For months, I have complained that newspapers have given readers too little information about the electoral preferences of religious and non-religious voters. Then came last Tuesday's Pennsylvania primary. Now I know where to look for more information: the denominational press (the competing Baptist newsrooms, to be specific). Standing out from the pack was Robert Marus of the progressive Associated Baptist Press. Some papers noted that Catholic Democrats voted heavily for Clinton; CNN and The New York Times gave readers the raw data. Yet only Marus sliced and diced the religious vote on the day after the primary.
For example, early in his story Marus presented his readers with this information:
Catholics -- who represented 36 percent of all Democratic voters -- chose her over Obama by a whopping 40-point margin, 70 percent to 30 percent.
Pennsylvania's Protestants went for Clinton in percentages almost identical to that of the commonwealth's overall Democratic electorate -- 55 percent to Obama's 45 percent. After Catholics, they made up the next largest religious category in the primary, with 24 percent of the total. Jews, who made up 8 percent of Pennsylvania's Democratic turnout, favored Clinton 62-38 percent.
Only three broad religious categories favored Obama in the state. Those who said they were Christian but did not identify as Protestant, Catholic or Mormon made up 13 percent of voters, and they favored Obama by a 2-to-1 margin. He also had a 24-point edge among those listing no religious affiliation, who made up 10 percent of Pennsylvania Democrats. And the six percent of primary voters who listed a religious affiliation other than Christian, Mormon, Jewish or Muslim went for Obama 58-42 percent.
Michael Foust of the conservative Baptist Press also beat the mainstream media to the story. Though his analysis was less detailed, Foust showed his readers that voters' religious observance was a factor in the Pennsylvania primary results:
Clinton carried the state, 55-45 percent, and edged Barack Obama among those who attend church weekly (61 percent to Obama's 39 percent) and more than weekly (51-49 percent), according to exit polls. Combined, the two groups made up 36 percent of Democratic voters. Obama won among those who never attend church, 56-44 percent (a group comprising 17 percent of voters).
The MSM did break down the religious vote -- four days after the Pennsylvania results were in. Jennifer Agiesta of The Washington Post wrote one of the better stories. Agiesta's two main insights related to religious observance and race:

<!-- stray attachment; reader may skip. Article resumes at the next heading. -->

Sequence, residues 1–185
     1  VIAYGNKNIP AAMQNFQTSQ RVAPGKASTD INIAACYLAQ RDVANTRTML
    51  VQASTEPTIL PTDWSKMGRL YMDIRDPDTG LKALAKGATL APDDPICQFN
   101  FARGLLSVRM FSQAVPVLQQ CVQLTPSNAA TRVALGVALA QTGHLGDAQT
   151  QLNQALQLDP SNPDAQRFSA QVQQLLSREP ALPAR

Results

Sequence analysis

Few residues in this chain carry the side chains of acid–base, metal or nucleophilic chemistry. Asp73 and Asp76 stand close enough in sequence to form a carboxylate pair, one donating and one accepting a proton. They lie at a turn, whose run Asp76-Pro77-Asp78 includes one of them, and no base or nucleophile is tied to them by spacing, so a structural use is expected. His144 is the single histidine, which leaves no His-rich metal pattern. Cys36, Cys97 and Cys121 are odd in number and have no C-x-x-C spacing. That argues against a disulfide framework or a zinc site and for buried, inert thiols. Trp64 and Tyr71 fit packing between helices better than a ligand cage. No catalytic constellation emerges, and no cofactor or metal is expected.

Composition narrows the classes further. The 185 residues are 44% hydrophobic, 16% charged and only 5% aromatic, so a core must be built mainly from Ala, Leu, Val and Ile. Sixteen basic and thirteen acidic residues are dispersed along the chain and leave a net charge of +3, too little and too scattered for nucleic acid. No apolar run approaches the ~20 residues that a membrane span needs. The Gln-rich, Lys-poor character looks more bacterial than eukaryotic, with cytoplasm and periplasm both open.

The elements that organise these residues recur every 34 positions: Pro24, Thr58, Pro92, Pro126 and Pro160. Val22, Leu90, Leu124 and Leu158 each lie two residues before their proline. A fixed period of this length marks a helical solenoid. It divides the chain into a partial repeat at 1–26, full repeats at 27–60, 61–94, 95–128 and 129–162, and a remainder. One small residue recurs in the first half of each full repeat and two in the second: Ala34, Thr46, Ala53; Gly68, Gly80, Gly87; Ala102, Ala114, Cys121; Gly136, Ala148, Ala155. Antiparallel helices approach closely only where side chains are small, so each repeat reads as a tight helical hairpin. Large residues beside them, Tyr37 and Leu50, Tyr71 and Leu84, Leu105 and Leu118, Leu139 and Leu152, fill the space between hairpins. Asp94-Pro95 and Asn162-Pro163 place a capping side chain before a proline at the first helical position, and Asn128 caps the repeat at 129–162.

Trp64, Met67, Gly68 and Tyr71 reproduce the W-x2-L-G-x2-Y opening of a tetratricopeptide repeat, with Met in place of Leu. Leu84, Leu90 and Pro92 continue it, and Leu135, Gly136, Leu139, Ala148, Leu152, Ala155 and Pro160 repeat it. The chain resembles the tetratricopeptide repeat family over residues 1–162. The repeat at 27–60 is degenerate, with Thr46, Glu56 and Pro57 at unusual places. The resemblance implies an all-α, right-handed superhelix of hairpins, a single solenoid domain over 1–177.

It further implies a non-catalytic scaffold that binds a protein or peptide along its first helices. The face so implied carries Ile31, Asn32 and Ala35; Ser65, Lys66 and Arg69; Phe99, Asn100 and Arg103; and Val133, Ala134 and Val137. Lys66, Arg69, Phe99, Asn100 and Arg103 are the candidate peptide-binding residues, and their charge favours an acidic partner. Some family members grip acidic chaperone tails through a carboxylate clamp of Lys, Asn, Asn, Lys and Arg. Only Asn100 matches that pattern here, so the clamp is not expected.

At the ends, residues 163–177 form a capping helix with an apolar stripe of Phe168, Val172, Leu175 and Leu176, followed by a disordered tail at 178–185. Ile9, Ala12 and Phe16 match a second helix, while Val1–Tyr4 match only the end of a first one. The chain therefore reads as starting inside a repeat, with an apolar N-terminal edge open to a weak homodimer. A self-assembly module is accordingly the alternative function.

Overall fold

In amassing her 10 percentage point win, Clinton had one of her strongest showings among white Catholics, who gave her a 44 percentage point margin over Obama and made up nearly a third of Keystone state Democratic primary voters. Among the most devout in this group, those who attend Mass at least weekly, Clinton won 3 to 1.
White Catholics have been a Clinton mainstay throughout the nomination contest. She has won the group by double-digits in 16 of the 22 states where data were available. In Pennsylvania, Clinton won 70 percent of all Catholics.
But among Protestants and other Christians, Obama's six percentage point win masks a sharp racial fissure. Black Protestants went for Obama, 93 percent to 7 percent, while white Protestants broke for Clinton, 59 to 41.
Voters who attend religious services weekly gave Clinton a double-digit margin, but this group, too, was divided by race. Black voters gave Obama a nearly 80-point margin, while whites went for Clinton by 36 points.
My only complaint with all three stories is their absence of information about why voters behaved as they did. Did Jewish voters break for Clinton based on her remarks about defending Israel from a hypothetical attack from Iran? Why did highly observant Catholics break heavily for Clinton while the same was not true for highly observant white Protestants? Was it perhaps related to the observations of Julia and Deacon John M. Bresnahan?
... (The ) talking heads on cable news television ... are hinting, implying, or openly saying that the reason Catholics in large numbers are writing off Obama as worthless is "racism." Yet word was spreading months ago among Catholics that on the issue of abortion Obama is by far and away the worst, most vicious proponent of abortion-on-demand in recent American political history -- even so fanatical on the issue that he favors infanticide after a failed abortion.
Unless reporters start asking those questions, readers will not know. If the denominational press breaks this story, too, the MSM will really be on its heels.